At much the same time as A Consort of Recorders, Jacob was also working on another work for recorder—Trifles for treble recorder, violin, cello and harpsichord. However, it did not receive its première until Dolmetsch’s 1983 Wigmore Hall recital, at which ‘Suite’ replaced the original title, and the delightfully whimsical, French movement titles were also omitted. On publication, the overall and original movement titles were restored, not least to avoid confusion with the earlier Suite. Le Buffet (without harpsichord) is a brief, very slow and elegant introduction; La Trifle au vin de Jerez has the character of a quick minuet and trio; La Trifle à l’ananas—très douce is again very slow, and especially ‘douce’. La Trifle à l’anglais forms a lively finale of the type already encountered in the Suite and Variations. It is founded on the English folk-tune The Keys of Canterbury (hence the English trifle of its title). After a slower interlude the movement concludes in a whirlwind Presto.
Trifles was the last work Jacob composed for Dolmetsch, but not his last for recorder. In the early 1980s the Danish recorder virtuoso Michala Petri was including the Suite in her concert programmes and sought the composer’s advice on performance. Jacob, inspired by her playing, composed and dedicated his Sonatina for treble recorder and harpsichord to her. The four movements are clearly intended to exploit Petri’s formidable technique. The final Jig, although containing a calmer middle section, has all the energy and brilliance of the Tarantella finale of the Suite; it is as if Jacob’s recorder writing had come full circle.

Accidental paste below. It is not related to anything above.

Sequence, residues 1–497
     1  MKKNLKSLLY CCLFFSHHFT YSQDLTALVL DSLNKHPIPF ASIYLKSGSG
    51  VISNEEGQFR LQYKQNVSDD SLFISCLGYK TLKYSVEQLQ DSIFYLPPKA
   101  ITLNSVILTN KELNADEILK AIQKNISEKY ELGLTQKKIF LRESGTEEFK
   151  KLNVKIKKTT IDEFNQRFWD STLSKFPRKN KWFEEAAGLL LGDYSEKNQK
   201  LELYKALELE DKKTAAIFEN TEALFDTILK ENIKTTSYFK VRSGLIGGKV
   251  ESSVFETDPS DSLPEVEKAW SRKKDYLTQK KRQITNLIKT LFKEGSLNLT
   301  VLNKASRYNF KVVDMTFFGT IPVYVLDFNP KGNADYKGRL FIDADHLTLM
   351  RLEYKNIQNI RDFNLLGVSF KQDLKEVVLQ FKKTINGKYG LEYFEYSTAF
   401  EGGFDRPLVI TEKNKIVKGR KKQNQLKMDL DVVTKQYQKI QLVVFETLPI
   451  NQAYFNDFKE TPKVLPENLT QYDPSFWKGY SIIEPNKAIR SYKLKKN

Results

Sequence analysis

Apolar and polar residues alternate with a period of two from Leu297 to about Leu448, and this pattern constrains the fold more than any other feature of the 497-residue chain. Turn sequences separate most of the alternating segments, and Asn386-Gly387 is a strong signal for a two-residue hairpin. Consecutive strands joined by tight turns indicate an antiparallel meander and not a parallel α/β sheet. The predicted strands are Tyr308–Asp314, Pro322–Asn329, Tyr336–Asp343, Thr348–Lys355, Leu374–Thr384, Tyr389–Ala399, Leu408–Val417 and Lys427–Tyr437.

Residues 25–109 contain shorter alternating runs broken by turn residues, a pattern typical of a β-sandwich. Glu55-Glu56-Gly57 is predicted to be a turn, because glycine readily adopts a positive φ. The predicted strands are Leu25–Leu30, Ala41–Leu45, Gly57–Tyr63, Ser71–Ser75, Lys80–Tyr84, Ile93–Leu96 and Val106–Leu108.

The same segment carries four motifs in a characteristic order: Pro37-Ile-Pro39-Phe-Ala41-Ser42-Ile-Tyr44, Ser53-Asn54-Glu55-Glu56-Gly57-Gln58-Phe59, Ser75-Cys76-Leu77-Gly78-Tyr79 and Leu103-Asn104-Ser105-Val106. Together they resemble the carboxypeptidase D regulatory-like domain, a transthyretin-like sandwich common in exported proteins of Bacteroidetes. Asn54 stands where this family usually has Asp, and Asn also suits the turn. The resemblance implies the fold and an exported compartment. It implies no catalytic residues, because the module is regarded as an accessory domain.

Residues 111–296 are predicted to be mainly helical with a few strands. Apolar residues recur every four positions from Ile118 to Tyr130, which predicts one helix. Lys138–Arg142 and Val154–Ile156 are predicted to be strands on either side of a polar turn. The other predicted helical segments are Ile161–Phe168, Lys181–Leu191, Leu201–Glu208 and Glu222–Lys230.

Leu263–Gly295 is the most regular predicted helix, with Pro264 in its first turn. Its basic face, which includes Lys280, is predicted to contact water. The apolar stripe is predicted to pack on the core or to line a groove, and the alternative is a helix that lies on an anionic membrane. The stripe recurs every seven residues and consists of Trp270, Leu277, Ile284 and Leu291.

Following the successful première of his Suite, Jacob noted that he never imagined the work would arouse such enthusiasm, observing that he had “…treated the recorder as a perfectly normal musical instrument, which it is, and not in any way as a museum piece.” Be that as it may, Jacob’s ability to provide it with music of the utmost creativity and craftsmanship has ensured his works an enduring place in the recorder’s now significant contemporary repertoire.
– Andrew Mayes
Extracts from Gordon Jacob’s correspondence are included by kind permission of Margaret Jacob.
Recording Gordon Jacob’s Music – A Personal Perspective
It is a sad but true fact that proponents of the popular ‘avant-garde’ recorder movement, which began in Germany and the Netherlands in the 1960s, have historically neglected the substantial body of English recorder music of the last half of the twentieth century. With some notable exceptions, professional recorder players have largely ignored any modern repertoire suspected of being too tonal, melodic or romantic, resulting in an almost indiscriminate rejection of music by English composers.
Fortunately, I first fell in love with and played Jacob’s Suite as a teenager, long before I was aware of how any such musical fashions might sway my judgment or choice of repertoire. And happily, as a recorder student at the Royal College of Music in London (where Gordon Jacob himself had also been a teacher), I was given the complete support of my tutor, Ross Winters, when I started to explore the works of Jacob and others in some more depth.
Coming back to this repertoire again nearly twenty years later, I was able to find compelling new layers of expression and communication in Jacob’s musical language, especially as I discovered more about the personal tragedies which punctuated his life. In particular, the loss of his closest brother, Anstey, on the Somme in 1916 was a deep blow, and he himself was taken prisoner of war a year later. A chance visit of my own to some of the first world war battlefields during the making of this recording brought a very real perspective to my understanding of Jacob’s music. His language is often sparse, desolate and disturbed, yet he is always ready to temper this with moments of tuneful wit, or to evoke a sense of nostalgia for England’s landscape and heritage.
I am very grateful to Andrew Mayes for introducing me to Jacob’s original manuscripts and for his invaluable assistance in the preparation of performance material for this recording.
– Annabel Knight